First impressions of our East Asia Business Developer in Taiwan.

Within the APAC region Taiwan is a frontrunner in view of the transition towards renewable energy, having released in 2022 its “pathway to net zero emissions by 2050”.  This pathway includes Taiwan plans on introducing 1.5GW of offshore wind capacity per year between 2026 and 2035. Whilst speaking, the auctions (also called round 3 auctions) for these capacities are ongoing. Floating wind will make its entry as well, seen the Bureau of Energy has promoted developers to submit projects including floating technology for the round 3 auctions. 

Having been here for almost a month now (or let’s say three weeks since I did spend a week in quarantine), I feel there’s already quite some things to tell about the offshore wind scene here. For one thing, offshore wind is bound to succeed despite the obstacles it is facing. Taiwan is phasing out of nuclear energy by 2025, giving room to renewables and gas fired power as a backup. Furthermore Taiwan is known for its semiconductor industry, since this industry is part of the supply chain of global companies with stringent sustainability KPIs to be achieved from corporate level, the need for renewable energy is clearly communicated.  The stakes are therefore high, and hopes are even higher business can finally continue as usual now Covid-19 measures globally seem to decrease. As for the ongoing windfarms, we have seen some new market pains and delays due to Covid-19. For the round 3 auctions and future auctions to come, localization will be the first topic to be addressed.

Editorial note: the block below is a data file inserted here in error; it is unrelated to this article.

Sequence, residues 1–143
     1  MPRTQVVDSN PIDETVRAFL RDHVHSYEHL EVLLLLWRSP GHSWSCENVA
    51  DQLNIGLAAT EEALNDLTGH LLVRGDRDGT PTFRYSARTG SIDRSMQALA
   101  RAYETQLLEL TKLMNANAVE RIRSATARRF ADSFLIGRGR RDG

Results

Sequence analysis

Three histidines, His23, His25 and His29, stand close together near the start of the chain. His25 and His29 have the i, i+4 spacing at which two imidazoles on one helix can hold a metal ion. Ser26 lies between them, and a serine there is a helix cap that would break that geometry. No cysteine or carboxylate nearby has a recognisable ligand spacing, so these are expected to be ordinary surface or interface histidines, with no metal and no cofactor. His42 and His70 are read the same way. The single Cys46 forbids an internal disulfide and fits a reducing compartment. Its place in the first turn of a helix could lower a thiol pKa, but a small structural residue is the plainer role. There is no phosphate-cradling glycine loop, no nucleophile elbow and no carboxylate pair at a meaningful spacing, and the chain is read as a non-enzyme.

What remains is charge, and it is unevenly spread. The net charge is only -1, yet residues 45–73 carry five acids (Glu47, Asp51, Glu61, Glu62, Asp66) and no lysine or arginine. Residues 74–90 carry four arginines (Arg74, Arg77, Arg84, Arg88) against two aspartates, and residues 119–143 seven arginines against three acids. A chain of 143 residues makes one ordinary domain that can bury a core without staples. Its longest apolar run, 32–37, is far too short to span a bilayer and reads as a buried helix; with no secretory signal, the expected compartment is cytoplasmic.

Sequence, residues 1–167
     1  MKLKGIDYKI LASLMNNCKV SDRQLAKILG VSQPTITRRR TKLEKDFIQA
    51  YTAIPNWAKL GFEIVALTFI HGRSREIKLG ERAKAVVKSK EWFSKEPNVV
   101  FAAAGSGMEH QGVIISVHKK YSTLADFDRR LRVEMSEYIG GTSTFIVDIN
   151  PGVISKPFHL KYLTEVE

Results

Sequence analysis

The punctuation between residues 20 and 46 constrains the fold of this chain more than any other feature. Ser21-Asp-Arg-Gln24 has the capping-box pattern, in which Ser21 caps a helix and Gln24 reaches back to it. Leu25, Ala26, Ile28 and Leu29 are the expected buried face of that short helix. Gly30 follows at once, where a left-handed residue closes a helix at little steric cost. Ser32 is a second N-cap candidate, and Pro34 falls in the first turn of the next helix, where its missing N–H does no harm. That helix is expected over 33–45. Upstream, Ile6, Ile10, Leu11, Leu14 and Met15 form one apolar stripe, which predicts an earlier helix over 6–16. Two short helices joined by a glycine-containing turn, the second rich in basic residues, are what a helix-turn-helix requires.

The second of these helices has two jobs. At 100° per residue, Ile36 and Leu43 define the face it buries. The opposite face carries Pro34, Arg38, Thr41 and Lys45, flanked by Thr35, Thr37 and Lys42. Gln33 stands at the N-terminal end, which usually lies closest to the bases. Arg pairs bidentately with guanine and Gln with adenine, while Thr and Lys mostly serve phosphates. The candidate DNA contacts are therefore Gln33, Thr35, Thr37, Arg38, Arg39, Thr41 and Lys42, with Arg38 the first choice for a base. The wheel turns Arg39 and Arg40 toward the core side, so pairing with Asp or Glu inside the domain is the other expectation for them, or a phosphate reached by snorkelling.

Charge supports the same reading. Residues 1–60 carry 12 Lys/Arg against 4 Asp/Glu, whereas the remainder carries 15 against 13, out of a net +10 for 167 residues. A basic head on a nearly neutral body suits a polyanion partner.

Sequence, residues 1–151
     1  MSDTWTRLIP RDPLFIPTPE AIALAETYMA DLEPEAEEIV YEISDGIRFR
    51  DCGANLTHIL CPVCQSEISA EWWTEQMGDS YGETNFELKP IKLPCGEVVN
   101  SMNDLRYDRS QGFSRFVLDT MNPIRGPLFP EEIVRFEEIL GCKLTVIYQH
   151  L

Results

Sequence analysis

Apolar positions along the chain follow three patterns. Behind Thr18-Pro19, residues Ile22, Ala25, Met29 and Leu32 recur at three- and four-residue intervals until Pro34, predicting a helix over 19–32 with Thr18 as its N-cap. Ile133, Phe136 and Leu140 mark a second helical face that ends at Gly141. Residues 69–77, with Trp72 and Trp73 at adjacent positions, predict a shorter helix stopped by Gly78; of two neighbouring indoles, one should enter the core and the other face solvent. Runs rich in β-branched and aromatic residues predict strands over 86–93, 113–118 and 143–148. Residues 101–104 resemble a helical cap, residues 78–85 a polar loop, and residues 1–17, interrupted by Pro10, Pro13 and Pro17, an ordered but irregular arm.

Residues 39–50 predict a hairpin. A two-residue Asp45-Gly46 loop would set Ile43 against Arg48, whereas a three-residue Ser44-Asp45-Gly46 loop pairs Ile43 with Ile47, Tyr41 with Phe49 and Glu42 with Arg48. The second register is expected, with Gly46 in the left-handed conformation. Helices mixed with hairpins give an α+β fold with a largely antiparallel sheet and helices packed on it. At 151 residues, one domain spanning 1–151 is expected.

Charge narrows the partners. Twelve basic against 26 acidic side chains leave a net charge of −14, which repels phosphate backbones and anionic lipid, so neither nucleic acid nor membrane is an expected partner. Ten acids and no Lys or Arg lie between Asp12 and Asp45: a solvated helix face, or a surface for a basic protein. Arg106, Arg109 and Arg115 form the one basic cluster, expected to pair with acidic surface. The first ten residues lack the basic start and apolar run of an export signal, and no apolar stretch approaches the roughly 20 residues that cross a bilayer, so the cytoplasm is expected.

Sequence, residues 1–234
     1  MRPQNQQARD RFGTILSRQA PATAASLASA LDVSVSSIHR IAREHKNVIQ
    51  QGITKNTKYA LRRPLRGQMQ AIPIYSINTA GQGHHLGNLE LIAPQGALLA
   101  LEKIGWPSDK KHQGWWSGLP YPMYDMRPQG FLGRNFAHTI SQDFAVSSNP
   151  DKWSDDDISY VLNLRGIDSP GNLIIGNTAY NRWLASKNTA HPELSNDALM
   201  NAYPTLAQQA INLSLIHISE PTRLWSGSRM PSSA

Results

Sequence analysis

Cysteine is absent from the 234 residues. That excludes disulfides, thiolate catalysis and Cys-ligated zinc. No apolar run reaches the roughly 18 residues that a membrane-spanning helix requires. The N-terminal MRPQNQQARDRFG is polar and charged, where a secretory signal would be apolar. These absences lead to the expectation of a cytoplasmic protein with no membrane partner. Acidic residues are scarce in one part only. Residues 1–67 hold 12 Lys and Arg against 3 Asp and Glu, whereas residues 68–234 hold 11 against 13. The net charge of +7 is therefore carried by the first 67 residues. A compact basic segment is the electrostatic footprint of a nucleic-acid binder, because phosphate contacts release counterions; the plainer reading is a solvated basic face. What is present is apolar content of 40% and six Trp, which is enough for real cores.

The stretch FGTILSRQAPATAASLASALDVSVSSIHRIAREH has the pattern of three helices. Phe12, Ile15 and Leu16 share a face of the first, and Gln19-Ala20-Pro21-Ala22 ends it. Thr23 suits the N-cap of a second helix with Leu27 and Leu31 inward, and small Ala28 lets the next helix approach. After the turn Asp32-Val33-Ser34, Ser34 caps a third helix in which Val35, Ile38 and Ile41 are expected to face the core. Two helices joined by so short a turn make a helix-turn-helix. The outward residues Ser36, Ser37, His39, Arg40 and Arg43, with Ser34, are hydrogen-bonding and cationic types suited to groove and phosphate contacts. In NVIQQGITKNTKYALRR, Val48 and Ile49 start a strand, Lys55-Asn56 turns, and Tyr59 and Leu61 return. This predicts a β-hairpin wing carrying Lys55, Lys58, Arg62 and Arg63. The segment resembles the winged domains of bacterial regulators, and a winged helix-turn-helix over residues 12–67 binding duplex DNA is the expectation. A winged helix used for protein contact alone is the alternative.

Zooming in on the subsea cables, I do feel I have only discovered the tip of the iceberg (pun intended). Taiwan has around 120 km of operational offshore wind subsea cables in its waters. If we look at all the planned windfarms where cable data is available as well as at windfarms under construction, the current pipeline is already around an astonishing 2100 km of projected subsea cables.  

Giving insights into the health status of subsea cables is the core business of Marlinks. Particularly for the Asian market we see an increased future need for predictive maintenance. By establishing a representative office in Taipei, our goal is to better understand the risks the Taiwanese offshore wind market deals with at this moment and will deal with in the future O&M phase. How can Marlinks assist in keeping subsea cable O&M costs low? 

Taiwan is prone to seismic activity leading to soil liquefaction, and these unstable seabeds cause subsea cables to either sink deeper, become exposed or get into freespan. Subsea cables management is steadily increasing on the priority list for developers and I do feel developers and industry connoisseurs agree that there are better ways to monitor these critical assets than to rely on traditional surveying methods. Taiwan is known to be a tech savvy country where the appetite for disruptive technologies is highly appreciated. Passive monitoring systems without the need of sensors, such as ours, also has as advantage that H&S risks linked to surveying or installation of sensors can be eliminated as well as guarantee a clean CO2 balance sheet. And we haven’t even started yet on the projected cable repair vessel shortage which could endanger quick cable repair. Better prevent than repair? 

Since Taiwan is not only offshore wind and subsea cables, let’s finish with some small anecdotes from daily life which caught my attention: 

  • Line. The most popular messenger app in Taiwan is used for both informal as formal communication. Casually sending over emojis to industry partners has been approved. 
  • Umbrellas. Versatile instrument to protect both against unexpected yet heavy rainfalls (rumour has it rainy season is ending soon) as well as sunburn. 
  • Dogs. I truly believe dogs are even better groomed than human beings in Taiwan. 

Get to know more about Marlinks and our activities in East Asia.

Contact Iris via for our East Asia activities and for our activities in other countries, contact

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